This blog is for everyone who uses words.

The ordinary-sized words are for everyone, but the big ones are especially for children.



Monday, 24 April 2017

Spot the Frippet: sequin.

Here's something entirely frivolous.

Sequins are the small shiny discs sewn onto clothes or, well, anything that you want to make shinier, really. 

They seem to have been used since 2500 BC in India, and I wouldn't be surprised if shiny fish scales were used before that to give joy to the world.

Is it possible to have enough of them?

File:Pink Sequins Fabric-6871045279.jpg
photo by Sherrie Thai

well, possibly, I suppose, if you're designing uniforms for policemen; but on the whole if you're young and care-free then the more the merrier:

Where else could this be? A beautiful Sambista bedecked in Brazil's traditional green and yellow celebrates two of Brazil's great passions—soccer (futbol) and Carnival. Photograph by Nicolas de Camaret, courtesy Wikimedia. CC-BY-2.0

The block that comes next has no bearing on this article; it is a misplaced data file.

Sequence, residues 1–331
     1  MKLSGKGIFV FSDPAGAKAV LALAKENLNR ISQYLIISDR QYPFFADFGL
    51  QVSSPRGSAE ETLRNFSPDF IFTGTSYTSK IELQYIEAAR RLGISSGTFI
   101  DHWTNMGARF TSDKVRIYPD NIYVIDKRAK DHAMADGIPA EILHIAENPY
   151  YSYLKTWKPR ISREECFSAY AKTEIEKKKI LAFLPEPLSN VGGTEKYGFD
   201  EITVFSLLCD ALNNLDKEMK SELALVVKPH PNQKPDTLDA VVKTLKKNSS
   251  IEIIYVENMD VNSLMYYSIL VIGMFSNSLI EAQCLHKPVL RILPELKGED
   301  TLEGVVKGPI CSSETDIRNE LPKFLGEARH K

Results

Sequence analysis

photo by Nicholas de Caramet

or for the oldies, how about these:

File:Moroccan babouche, burgundy leather with silver sequins, 20th century - Bata Shoe Museum - DSC00131.JPG
photo by Daderot

Let it shine!

Spot the Frippet: sequin. Sequins are named after a Venetian coin, officially called the ducat but nicknamed the zecchino. When the coin stopped being minted in the early 1800s the name was transferred to the decorations. 

Before that, the word comes from the Arabic sikkah, die for striking coins.




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